Chemical profiling of the algal extract using GC–MS

For the extraction of algae, 1 g of freeze-dried biomass for each alga was extracted twice using 10 ml methanol according to Deyab et al.34. To obtain cell-free supernatant, the extracts were centrifuged at 6000 rpm for 20 min, then concentrated using a rotary evaporator at 40 °C. The dried residues were redissolved using 3 ml of methylene chloride and kept at 4 °C until GC–MS analysis. The crude extracts were analyzed using Varian GC–MS (Varian Chrompack CP-3800 GC/MS/MS-2000, Germany). The GC–MS was equipped with a split-splitless injector in addition to a DB-5.625 GC column (30 m × 0.25 mm i.d., 0.25 µm film thickness). The active chemical compounds were identified by matching their recorded spectra with the data bank mass spectra (Saturn and NIST library databases) provided by the instrument software. The concentration (% content) of the components of the extract was computed by integrating their peak areas in the total ion current (TIC) chromatograms, assuming a unity response by all components.

Animals and management

The experiment was conducted for 8 weeks from December 2020 to January 2021 on a private farm under the supervision of the Animal Production Department, Faculty of Agriculture at Tanta University in Egypt. The ethical committee of the Faculty of Agriculture at Tanta University approved the experimental protocol and all methods in the present study for treating animals for scientific purposes (Approval No. AY2019-2020/Session 6/2020.01.13). All experiments were performed in accordance with relevant guidelines and regulations. Our reporting of research involving animals follows the recommendations of the ARRIVE guidelines. Seventy-five five weeks old New Zealand white male rabbits were chosen for litter weight at weaning (665.93 ± 15.18 g) and placed into five experimental groups (n = 15/group). All rabbits were maintained separately in galvanized wire pens (35 × 35 × 60 cm) with freely accessible feeders (ad libitum) and a freshwater outlet under the same management and hygienic conditions, namely a regimen of 12 h light and 12 h dark, natural ventilation, an average temperature of 17.29 ± 0.27 °C and a relative humidity of 59.96 ± 0.42 (Table 1).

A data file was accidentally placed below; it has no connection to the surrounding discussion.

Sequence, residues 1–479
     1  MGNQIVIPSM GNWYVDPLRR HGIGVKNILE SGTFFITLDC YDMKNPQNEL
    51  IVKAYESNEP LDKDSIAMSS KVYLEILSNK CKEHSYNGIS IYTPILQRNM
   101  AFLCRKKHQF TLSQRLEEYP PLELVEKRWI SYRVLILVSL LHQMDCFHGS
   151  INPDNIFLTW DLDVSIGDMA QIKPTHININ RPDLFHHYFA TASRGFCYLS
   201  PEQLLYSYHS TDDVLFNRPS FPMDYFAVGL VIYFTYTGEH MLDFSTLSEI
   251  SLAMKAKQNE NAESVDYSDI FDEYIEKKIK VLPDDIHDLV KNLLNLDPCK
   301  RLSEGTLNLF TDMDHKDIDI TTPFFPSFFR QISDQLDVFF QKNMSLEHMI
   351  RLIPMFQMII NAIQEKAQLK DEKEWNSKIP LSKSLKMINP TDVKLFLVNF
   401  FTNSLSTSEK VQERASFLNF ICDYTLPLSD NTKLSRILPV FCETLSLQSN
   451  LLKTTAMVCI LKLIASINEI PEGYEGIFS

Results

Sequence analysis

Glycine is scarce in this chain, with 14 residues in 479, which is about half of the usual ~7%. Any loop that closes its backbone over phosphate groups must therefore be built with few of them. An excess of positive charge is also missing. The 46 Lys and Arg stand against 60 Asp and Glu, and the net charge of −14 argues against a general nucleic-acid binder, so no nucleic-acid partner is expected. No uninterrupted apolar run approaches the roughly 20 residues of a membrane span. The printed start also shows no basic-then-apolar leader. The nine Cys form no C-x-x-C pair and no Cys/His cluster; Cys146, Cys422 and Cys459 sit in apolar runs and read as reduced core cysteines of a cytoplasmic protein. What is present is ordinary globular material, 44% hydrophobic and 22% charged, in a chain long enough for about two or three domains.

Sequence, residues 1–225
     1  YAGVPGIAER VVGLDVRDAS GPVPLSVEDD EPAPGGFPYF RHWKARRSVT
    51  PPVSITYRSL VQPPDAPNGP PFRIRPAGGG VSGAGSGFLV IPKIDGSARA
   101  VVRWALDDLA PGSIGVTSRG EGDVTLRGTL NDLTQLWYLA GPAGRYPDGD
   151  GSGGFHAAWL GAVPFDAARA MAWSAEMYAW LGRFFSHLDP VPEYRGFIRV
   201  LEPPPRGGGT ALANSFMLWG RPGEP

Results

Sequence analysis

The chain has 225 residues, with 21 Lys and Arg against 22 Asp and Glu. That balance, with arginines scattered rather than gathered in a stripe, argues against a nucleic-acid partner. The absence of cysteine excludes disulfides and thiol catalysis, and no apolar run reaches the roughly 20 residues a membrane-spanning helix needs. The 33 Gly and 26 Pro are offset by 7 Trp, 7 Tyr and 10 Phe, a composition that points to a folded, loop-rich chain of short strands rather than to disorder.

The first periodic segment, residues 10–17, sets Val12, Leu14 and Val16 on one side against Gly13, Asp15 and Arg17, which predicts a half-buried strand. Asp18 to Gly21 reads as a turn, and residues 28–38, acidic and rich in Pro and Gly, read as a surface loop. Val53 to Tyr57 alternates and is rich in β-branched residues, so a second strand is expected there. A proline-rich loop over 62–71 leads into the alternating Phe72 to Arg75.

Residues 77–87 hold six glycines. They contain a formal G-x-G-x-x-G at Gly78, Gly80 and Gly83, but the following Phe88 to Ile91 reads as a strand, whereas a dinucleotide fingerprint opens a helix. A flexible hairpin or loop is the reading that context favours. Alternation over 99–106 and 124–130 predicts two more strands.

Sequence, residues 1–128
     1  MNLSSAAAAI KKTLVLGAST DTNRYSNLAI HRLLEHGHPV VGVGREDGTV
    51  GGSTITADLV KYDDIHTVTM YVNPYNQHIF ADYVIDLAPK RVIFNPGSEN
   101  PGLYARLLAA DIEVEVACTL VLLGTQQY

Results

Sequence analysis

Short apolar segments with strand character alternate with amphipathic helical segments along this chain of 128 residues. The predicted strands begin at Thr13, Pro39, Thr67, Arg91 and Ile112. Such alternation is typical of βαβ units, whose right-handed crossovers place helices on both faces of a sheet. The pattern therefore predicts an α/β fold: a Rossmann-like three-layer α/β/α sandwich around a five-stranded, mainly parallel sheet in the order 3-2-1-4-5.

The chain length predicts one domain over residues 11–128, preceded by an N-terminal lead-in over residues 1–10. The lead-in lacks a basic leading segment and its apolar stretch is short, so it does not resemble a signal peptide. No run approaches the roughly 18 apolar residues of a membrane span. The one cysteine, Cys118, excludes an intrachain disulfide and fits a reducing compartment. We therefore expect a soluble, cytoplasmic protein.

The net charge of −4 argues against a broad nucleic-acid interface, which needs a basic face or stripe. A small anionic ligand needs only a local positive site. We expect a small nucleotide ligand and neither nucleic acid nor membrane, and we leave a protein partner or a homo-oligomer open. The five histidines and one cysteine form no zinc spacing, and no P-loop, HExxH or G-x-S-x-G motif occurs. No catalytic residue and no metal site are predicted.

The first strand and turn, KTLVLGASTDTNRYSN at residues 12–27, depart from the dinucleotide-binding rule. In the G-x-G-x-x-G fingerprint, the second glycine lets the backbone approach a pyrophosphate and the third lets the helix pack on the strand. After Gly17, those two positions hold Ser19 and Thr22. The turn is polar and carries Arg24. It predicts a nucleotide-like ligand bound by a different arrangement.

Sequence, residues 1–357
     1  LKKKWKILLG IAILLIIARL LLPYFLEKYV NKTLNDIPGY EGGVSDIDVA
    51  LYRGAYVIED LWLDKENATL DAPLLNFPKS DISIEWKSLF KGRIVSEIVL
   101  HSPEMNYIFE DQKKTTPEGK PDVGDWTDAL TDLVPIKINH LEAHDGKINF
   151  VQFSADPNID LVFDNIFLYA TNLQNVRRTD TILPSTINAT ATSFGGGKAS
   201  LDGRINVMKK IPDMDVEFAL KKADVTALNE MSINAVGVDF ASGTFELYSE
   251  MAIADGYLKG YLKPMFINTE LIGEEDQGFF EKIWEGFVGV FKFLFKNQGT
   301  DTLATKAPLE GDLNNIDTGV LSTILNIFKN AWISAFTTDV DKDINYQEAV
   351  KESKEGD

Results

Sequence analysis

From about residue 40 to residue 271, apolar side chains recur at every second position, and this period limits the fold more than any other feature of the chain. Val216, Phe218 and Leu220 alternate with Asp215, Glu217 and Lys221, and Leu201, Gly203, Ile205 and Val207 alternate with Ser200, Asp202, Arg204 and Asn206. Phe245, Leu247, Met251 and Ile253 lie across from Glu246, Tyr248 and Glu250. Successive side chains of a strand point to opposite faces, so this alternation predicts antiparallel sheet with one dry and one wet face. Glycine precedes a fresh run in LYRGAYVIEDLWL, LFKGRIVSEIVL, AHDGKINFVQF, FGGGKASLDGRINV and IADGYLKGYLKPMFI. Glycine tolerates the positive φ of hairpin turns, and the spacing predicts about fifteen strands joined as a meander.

Table 1 Maximum, minimum, average temperatures, and relative humidity during the experiment (December 2020–January 2021).

The rabbits in the reference group (Ctrl) were fed a basal diet with no additions (Table 2), whereas the remainder of the groups were provided a basal diet with 300 or 500 mg of Arthrospira platensis (Ap300 or Ap500) or Chlorella vulgaris (Ch300 or Ch500).

Table 2 The basal diet ingredients and chemical analysis.

Performance variables

The weight of the rabbits at the start and conclusion of the trial and the amount of feed consumed were recorded as follows:

$${\text{Weight gain}},{\text{ g}}/{\text{ rabbit }} = {\text{ W}}_{{\text{T}}} {-}{\text{ W}}_{0}$$
$${\text{Feed Conversion Ratio (FCR) = }}\frac{{\text{FI (g)}}}{{{\text{W }}_{{\text{T}}} {\text{ - W }}_{{0}} \, }}$$

where WT = Final weight; W0 = Initial weight; FI = Feed intake.

Sampling procedure

After 8 weeks of feeding, 5 rabbits/group were allocated for blood collection and slaughter. Blood samples were drawn without anesthesia from the lateral saphenous superficial vein of the back leg after wetting the fur with alcohol using a 1 ml syringe with heparin for hematological measurements or without anticoagulants to separate the serum. Heparin-treated blood was employed for hematocrit (Ht) quantification using microhematocrit tubes and rotary centrifugation (13,000 rpm for 5 min)36. Non-heparinized blood was centrifuged [3000 rpm undercooling (4 °C) for 10 min] to harvest serum. Hematological and biochemical blood indices were measured using CBC Micros ABX, France automatic analyzer with P500 kinetic & Quality control Diatron Q.C kits according to package guidelines. The liver and small intestine were separated on an ice layer, cleaned with regular saline solution (0.90%; pH 7.5), and subjected directly to the determination of hepatic antioxidants, intestinal structure, and digestive enzyme activities.

Intestinal enzymes and histology assessment

Parts of the collected intestine (duodenum) were finely homogenized in freezing iced NaCl (0.86%) using VEVOR, FSH-2A device, and centrifuged at 8000 rpm for 5 min, 4 °C. The filtrate was employed for the colorimetric detection of amylase and lipase at A714 and A5407. Protease potency was measured using a non-specific protease vigor methodology utilizing casein37. For histological evaluation, samples (duodenum, jejunum, ileum) were fixed in a neutral buffered (10% formalin solution) for 72 h, dehydrated in rising grades of ethanol (60–100%), cleared in xylene, embedded in paraffin wax (24 h), and then sectioned with Rotary Microtome 2145, Leica Microsystems at a 3–5 μm in thickness.

Hepatic antioxidants